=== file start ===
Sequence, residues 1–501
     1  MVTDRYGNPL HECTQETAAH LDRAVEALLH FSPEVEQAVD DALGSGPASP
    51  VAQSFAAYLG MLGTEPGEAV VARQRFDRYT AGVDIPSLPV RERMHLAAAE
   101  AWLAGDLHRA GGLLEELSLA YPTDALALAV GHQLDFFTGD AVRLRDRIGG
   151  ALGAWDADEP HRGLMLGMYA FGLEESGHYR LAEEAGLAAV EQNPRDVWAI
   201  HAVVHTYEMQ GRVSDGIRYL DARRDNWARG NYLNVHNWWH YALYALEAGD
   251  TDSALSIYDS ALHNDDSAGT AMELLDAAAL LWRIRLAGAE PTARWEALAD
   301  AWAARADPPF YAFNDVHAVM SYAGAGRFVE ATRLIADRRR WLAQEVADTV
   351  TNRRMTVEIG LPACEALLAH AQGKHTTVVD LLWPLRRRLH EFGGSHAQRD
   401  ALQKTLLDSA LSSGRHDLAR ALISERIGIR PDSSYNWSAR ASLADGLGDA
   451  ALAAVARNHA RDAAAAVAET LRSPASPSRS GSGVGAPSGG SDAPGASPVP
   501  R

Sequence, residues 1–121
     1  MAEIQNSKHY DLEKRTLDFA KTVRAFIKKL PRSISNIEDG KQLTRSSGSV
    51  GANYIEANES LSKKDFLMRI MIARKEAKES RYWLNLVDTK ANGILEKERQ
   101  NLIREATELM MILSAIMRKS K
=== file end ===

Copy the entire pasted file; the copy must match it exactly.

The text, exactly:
Sequence, residues 1–501
     1  MVTDRYGNPL HECTQETAAH LDRAVEALLH FSPEVEQAVD DALGSGPASP
    51  VAQSFAAYLG MLGTEPGEAV VARQRFDRYT AGVDIPSLPV RERMHLAAAE
   101  AWLAGDLHRA GGLLEELSLA YPTDALALAV GHQLDFFTGD AVRLRDRIGG
   151  ALGAWDADEP HRGLMLGMYA FGLEESGHYR LAEEAGLAAV EQNPRDVWAI
   201  HAVVHTYEMQ GRVSDGIRYL DARRDNWARG NYLNVHNWWH YALYALEAGD
   251  TDSALSIYDS ALHNDDSAGT AMELLDAAAL LWRIRLAGAE PTARWEALAD
   301  AWAARADPPF YAFNDVHAVM SYAGAGRFVE ATRLIADRRR WLAQEVADTV
   351  TNRRMTVEIG LPACEALLAH AQGKHTTVVD LLWPLRRRLH EFGGSHAQRD
   401  ALQKTLLDSA LSSGRHDLAR ALISERIGIR PDSSYNWSAR ASLADGLGDA
   451  ALAAVARNHA RDAAAAVAET LRSPASPSRS GSGVGAPSGG SDAPGASPVP
   501  R

Sequence, residues 1–121
     1  MAEIQNSKHY DLEKRTLDFA KTVRAFIKKL PRSISNIEDG KQLTRSSGSV
    51  GANYIEANES LSKKDFLMRI MIARKEAKES RYWLNLVDTK ANGILEKERQ
   101  NLIREATELM MILSAIMRKS K